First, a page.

With all the generalities out of the way, let me address Laughlin's 10 casinos specifically, starting north and going south.
As mentioned above, the Riverside was the first casino in Laughlin. As far as I know, it is still run by Don Laughlin and maintains its small-business feel. In addition to feeling like a mom and pop business, there is a kitschy vibe to the place as well. If you're looking for a Rolex watch or Prada sunglasses, go to the Bellagio. If you're looking for a watch under $20, the most comfortable pillow on earth, or an antique slot machine, come to the Riverside.
With the exception of the Colorado River, the best free activity in Laughlin is debatably the Riverside's impressive antique car museum, featuring about 40 cars and 10 motorcycles. If that isn't enough, there is also a 34-lane bowling alley and a six-screen theater. When I was last there (years ago), I recall the restaurant's menu saying that all the beef was fresh from Don Laughlin's own cattle ranch in nearby Arizona. The Watch Man claims to be the world's largest watch store. Perhaps in terms of number of sales, but there is a high-end store in the Forum Shops in Vegas that seems to me to be much larger. However, I'll bet your odds of finding a shaking Elvis watch are much better at The Watch Man.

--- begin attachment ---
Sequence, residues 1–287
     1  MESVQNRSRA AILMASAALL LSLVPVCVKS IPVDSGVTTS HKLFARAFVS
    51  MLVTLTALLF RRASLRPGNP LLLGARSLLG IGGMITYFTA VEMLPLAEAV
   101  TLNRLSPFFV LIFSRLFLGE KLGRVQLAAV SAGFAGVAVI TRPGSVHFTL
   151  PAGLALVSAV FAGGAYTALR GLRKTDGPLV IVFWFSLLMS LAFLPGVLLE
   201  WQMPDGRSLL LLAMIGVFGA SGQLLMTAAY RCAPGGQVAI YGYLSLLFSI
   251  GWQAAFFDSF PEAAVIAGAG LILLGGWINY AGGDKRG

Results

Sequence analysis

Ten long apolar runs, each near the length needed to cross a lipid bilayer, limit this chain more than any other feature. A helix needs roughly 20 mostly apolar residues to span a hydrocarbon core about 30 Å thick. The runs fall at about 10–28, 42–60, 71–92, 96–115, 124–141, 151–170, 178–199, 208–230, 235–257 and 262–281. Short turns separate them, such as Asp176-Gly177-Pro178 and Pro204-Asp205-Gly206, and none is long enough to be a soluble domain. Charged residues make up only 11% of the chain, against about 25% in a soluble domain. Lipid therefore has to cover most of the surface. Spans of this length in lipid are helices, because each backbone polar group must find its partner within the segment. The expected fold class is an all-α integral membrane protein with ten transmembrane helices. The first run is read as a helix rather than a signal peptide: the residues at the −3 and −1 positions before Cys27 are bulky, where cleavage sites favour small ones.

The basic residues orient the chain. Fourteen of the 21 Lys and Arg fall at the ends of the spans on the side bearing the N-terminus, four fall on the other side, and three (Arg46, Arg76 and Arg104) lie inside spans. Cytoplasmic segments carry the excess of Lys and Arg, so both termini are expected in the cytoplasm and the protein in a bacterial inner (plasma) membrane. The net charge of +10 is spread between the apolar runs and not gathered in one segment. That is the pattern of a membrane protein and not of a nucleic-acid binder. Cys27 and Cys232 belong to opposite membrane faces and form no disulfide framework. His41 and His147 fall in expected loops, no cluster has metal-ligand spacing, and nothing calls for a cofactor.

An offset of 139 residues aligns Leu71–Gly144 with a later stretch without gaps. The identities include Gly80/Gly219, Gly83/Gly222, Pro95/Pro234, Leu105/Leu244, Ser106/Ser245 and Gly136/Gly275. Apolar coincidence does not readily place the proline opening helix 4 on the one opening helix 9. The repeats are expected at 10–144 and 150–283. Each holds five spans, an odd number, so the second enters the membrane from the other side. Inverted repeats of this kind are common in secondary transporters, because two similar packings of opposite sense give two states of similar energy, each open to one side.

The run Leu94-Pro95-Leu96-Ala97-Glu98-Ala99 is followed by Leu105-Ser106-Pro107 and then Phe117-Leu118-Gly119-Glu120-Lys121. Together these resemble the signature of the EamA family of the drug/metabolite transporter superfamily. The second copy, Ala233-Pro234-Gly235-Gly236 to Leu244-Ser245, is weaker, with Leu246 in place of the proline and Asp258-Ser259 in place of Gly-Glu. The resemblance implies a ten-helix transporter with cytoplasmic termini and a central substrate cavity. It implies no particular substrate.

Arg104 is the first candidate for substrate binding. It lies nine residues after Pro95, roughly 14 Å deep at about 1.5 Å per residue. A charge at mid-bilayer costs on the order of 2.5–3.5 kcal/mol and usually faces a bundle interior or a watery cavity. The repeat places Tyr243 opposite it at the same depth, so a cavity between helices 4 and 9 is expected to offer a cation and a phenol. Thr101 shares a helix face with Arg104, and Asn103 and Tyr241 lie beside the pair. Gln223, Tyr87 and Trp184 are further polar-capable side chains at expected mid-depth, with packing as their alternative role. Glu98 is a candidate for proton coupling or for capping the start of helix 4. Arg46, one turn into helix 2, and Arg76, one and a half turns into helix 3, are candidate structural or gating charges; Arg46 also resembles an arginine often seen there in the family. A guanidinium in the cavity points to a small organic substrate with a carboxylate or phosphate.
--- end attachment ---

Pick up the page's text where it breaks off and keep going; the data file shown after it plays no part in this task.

As I write this, the Riverside is promoting concerts by the Kingston Trio and The Vogues in their Celebrity Theatre. However, what interests me more is the "Best Chest Contest" on ladies night in the Loser's Lounge. This is the kind of thing I would expect to see in Daytona Beach for spring break. You never know what to expect from the Riverside. I was there on a Wednesday (lady's) night but didn't know about this promotion until I got back and read about it in the local paper in preparation for this article. Dang!
When I won the World's Greatest Blackjack Player trophy at the 2011 Blackjack Ball (forgive the tooting of my own horn), one of the questions in the general knowledge portion was, "Which Clark County casino has the most 3-2 paying single-deck blackjack games?" The answer is the Riverside, and it isn't even close. Most of the Riverside's 15 blackjack tables are legitimate 3-2 single-deck games, significantly more than anybody else in Vegas or Laughlin.